Saturday, March 18, 2017

Random thoughts

I'm tired.
I'm tired of being tired.
I'm moody.
There aren't enough hours in the day.
Life is short. How do we make enough time for the things that matter?
I'm asking the big three life questions: Who Am I? Why Am I Here? What is My Purpose?

Wednesday, March 15, 2017

Beware of companies with unscrupulous business practices

My mother inherited a 2008 Buick from her aunt and when the title transferred to her, she began receiving dozens of postcards notifying her that the Buick's extended warranty was expiring and she was running out of time to renew. Often the notices read: "Final notice! Your vehicle's warranty is about to expire! Don't go another day without coverage!"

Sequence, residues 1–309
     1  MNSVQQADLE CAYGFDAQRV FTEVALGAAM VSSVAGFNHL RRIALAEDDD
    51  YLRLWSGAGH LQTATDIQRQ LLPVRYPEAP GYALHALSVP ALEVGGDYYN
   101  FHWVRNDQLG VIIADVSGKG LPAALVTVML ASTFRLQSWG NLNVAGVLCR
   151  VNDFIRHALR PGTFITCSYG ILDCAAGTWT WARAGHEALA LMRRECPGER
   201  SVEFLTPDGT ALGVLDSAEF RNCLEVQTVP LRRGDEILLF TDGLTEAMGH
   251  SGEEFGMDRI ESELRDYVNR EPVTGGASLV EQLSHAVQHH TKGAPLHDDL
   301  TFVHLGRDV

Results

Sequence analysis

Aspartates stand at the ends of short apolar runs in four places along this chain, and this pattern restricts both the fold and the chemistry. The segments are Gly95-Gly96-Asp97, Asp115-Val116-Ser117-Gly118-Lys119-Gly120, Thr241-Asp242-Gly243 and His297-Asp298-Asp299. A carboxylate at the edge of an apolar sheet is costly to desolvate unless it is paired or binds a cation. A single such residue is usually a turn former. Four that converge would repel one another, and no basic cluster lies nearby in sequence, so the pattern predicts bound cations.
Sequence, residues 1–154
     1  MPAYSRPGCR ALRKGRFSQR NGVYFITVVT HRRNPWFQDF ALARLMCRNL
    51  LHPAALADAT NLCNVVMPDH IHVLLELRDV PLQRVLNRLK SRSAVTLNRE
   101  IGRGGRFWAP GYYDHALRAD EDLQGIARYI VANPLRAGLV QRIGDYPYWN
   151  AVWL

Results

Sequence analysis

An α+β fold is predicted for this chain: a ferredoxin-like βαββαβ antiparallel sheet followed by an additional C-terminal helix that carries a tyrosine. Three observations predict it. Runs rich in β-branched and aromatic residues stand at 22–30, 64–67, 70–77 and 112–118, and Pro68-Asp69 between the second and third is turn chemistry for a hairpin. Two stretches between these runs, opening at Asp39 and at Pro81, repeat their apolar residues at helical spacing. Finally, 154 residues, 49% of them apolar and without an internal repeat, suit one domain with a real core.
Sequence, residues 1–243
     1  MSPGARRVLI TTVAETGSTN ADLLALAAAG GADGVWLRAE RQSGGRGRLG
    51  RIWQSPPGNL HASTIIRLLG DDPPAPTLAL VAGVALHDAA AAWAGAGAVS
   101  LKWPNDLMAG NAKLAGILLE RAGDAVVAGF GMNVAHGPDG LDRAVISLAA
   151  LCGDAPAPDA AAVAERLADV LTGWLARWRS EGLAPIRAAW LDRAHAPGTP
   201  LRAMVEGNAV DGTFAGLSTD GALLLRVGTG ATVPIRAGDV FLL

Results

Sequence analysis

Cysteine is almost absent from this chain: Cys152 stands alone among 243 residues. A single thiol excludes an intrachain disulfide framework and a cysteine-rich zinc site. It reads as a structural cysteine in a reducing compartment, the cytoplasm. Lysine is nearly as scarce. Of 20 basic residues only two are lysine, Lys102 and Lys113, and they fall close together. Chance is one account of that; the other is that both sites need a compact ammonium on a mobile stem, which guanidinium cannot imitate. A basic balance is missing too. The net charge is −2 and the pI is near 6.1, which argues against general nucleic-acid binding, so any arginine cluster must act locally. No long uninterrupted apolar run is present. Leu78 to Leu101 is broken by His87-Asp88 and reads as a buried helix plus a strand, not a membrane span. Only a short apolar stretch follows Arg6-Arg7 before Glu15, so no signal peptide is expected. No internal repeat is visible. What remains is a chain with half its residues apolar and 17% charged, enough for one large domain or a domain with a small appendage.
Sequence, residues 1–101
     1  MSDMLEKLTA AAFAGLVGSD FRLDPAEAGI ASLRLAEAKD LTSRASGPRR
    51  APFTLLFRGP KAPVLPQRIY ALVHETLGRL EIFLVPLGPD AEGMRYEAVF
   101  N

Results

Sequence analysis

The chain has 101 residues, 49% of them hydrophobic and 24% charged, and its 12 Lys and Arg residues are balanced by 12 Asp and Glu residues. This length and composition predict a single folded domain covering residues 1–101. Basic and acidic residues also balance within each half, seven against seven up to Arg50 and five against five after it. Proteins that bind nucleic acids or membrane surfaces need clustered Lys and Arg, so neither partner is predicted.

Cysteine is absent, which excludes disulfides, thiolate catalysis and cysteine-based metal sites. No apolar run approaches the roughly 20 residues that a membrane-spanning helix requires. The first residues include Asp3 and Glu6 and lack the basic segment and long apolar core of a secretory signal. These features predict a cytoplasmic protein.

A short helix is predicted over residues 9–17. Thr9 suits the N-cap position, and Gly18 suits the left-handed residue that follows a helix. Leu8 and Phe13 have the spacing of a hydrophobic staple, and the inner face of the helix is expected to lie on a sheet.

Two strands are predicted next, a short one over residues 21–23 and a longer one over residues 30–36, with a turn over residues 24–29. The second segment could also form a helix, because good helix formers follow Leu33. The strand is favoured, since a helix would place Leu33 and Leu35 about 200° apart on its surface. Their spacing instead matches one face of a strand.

Mom thought perhaps her great-aunt and uncle had purchased an extended warranty on the car  and so she pondered the idea of continuing it. I was skeptical because over the years I've learned that those third-party extended warranties are a scam and that the only reliable warranties offered directly by the automobile manufacturer when you purchase the vehicle. In addition, I just did not buy that my great aunt and uncle aunt would've purchased such a thing. Now mom, who for the most part, is generally pretty skeptical, decided not to go any further with the notion of purchasing an extended warranty and so she tossed all the postcards in the trash -- until one day she received another postcard that just beckoned to her and so, out of curiosity, she called the company: Guardian LLC.